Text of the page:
Microsoft uses WSUS and Config Manager to lure more testers to Windows 10 betas

Microsoft uses WSUS and Config Manager to lure more testers to Windows 10 betas

Microsoft this week gave enterprise administrators a new way to obtain previews of upcoming feature upgrades for testing and preparation before those updates go live.

The Redmond, Wash. company cited customer feedback – essentially saying that this is something enterprises demanded – for the change. But Microsoft could also be trying to boost the number of business users testing pre-release code because its until-now-only-outlet – Windows Insider for Business, or WIfB – was insufficient.

Microsoft heavily relies on customers for testing of Windows 10, including the Insider volunteers and Windows 10 Home and Pro users, who traditionally have adopted feature upgrades before large organizations deploy them.

“In response to your feedback, we will begin making pre-release Windows 10 feature updates available to IT administrators using Windows Server Update Service (WSUS),” wrote Aria Carley, a Microsoft program manager, in a post to a company blog. “This is the next step in our efforts to provide your organization with the ability to validate line-of-business (LOB) applications, business-critical functionality, and policies, as well as evaluate new business features, prior to an update’s official release.”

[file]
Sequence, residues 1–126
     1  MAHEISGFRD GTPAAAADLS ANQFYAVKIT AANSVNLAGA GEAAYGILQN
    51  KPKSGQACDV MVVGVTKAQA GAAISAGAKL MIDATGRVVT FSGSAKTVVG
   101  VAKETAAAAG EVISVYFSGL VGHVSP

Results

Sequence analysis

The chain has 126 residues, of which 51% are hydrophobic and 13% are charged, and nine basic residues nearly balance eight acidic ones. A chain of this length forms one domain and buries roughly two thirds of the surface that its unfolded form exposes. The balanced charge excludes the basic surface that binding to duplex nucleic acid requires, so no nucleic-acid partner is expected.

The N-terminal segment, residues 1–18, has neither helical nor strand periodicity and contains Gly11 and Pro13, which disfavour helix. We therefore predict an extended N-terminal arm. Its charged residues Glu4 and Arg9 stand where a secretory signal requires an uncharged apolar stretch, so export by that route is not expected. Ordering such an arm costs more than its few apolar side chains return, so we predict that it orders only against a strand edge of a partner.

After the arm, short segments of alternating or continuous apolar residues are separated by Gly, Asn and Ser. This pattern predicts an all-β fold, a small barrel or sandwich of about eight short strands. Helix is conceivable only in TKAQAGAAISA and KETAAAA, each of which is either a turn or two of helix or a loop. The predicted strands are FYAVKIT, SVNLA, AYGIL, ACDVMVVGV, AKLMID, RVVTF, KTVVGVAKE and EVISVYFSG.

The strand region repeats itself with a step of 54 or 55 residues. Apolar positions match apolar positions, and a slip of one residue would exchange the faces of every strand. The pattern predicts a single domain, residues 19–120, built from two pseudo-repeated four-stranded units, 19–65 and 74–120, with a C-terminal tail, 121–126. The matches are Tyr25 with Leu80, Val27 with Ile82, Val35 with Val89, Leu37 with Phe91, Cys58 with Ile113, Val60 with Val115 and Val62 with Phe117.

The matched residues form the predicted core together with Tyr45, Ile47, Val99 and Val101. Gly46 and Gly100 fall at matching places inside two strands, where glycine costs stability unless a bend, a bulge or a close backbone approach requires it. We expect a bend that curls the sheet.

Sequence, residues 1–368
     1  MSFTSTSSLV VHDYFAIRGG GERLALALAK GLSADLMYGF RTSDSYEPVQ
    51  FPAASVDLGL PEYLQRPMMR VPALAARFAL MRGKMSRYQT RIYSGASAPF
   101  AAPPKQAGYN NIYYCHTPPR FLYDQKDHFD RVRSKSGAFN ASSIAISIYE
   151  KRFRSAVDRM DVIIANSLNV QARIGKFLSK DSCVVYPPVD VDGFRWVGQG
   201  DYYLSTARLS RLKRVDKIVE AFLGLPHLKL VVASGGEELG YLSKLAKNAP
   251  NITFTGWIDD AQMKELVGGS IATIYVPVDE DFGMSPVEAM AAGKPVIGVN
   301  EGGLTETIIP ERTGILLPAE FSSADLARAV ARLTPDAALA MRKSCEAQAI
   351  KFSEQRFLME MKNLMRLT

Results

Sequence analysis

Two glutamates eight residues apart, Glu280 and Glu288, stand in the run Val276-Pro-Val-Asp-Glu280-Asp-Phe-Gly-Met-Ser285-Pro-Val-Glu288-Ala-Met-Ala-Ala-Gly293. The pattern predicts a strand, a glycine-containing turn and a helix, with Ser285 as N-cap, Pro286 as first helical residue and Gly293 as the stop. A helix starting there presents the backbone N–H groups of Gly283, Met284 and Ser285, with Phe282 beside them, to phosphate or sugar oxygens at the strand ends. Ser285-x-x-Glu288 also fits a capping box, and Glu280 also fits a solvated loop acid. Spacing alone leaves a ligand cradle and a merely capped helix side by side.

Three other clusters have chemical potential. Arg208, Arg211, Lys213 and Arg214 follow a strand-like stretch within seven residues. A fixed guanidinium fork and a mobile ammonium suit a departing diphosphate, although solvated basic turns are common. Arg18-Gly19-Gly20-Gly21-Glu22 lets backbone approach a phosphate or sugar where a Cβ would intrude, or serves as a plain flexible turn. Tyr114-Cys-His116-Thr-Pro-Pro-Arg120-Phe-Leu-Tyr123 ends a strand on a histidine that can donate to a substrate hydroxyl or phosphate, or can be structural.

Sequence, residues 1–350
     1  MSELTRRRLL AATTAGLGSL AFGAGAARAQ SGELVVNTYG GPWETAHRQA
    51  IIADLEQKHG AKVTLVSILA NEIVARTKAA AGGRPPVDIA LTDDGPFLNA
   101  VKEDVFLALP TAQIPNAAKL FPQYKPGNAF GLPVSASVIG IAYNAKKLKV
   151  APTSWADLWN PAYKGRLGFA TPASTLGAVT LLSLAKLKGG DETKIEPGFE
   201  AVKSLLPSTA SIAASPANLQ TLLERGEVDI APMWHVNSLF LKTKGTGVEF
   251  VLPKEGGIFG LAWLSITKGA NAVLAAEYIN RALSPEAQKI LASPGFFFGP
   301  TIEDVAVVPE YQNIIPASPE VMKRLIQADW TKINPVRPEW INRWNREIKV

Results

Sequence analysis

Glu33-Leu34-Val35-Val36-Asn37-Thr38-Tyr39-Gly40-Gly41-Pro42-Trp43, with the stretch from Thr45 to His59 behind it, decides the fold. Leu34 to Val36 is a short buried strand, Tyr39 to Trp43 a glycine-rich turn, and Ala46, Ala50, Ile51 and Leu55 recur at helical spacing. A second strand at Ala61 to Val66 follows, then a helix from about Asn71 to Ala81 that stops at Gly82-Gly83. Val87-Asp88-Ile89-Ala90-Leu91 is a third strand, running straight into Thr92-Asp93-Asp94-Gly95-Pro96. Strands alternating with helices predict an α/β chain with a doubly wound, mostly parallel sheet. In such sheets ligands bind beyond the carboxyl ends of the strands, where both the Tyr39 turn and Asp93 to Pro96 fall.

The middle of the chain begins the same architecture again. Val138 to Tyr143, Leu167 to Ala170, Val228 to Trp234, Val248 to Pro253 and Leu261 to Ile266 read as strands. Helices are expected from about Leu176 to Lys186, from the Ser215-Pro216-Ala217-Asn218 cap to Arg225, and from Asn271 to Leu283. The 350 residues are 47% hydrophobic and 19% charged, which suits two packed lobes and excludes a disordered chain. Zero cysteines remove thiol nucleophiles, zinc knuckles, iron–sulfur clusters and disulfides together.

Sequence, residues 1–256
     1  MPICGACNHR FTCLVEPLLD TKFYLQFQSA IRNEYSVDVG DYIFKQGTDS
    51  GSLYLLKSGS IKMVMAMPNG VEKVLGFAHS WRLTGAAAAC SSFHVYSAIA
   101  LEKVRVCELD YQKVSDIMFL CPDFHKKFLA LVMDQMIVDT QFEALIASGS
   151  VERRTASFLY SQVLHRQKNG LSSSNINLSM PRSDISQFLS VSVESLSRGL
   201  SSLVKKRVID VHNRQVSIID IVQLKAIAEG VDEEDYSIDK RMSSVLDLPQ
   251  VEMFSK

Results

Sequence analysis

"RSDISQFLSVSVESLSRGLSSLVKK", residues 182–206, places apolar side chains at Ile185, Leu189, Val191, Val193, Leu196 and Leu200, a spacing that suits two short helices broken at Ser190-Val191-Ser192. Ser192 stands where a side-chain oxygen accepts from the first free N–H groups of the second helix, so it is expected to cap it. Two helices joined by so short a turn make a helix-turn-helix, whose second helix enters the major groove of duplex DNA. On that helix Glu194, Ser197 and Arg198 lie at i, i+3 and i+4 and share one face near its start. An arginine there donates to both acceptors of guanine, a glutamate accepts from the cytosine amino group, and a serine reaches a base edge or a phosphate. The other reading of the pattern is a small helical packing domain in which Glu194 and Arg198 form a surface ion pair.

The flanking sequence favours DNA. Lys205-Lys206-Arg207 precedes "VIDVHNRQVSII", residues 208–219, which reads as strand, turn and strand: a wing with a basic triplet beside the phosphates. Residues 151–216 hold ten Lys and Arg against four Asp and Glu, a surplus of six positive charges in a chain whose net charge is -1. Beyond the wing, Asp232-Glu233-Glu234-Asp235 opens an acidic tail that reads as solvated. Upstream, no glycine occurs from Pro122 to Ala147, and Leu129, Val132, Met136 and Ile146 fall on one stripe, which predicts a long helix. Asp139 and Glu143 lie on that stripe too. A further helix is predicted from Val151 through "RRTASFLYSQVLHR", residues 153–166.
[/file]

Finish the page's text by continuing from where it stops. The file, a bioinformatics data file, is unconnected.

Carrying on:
Although Microsoft seemed to trumpet WSUS – one of the prime platforms businesses use to distribute updates to their end points – this new path to Windows 10 previews also requires Configuration Manager, also known as the System Center Configuration Manager (SCCM). Organizations must have Configuration Manager, version 1810 or newer, to deploy previews through WSUS. That version of Configuration Manager launched a year ago.

The move got the attention of IT administrators.

Copyright © 2019 IDG Communications, Inc.











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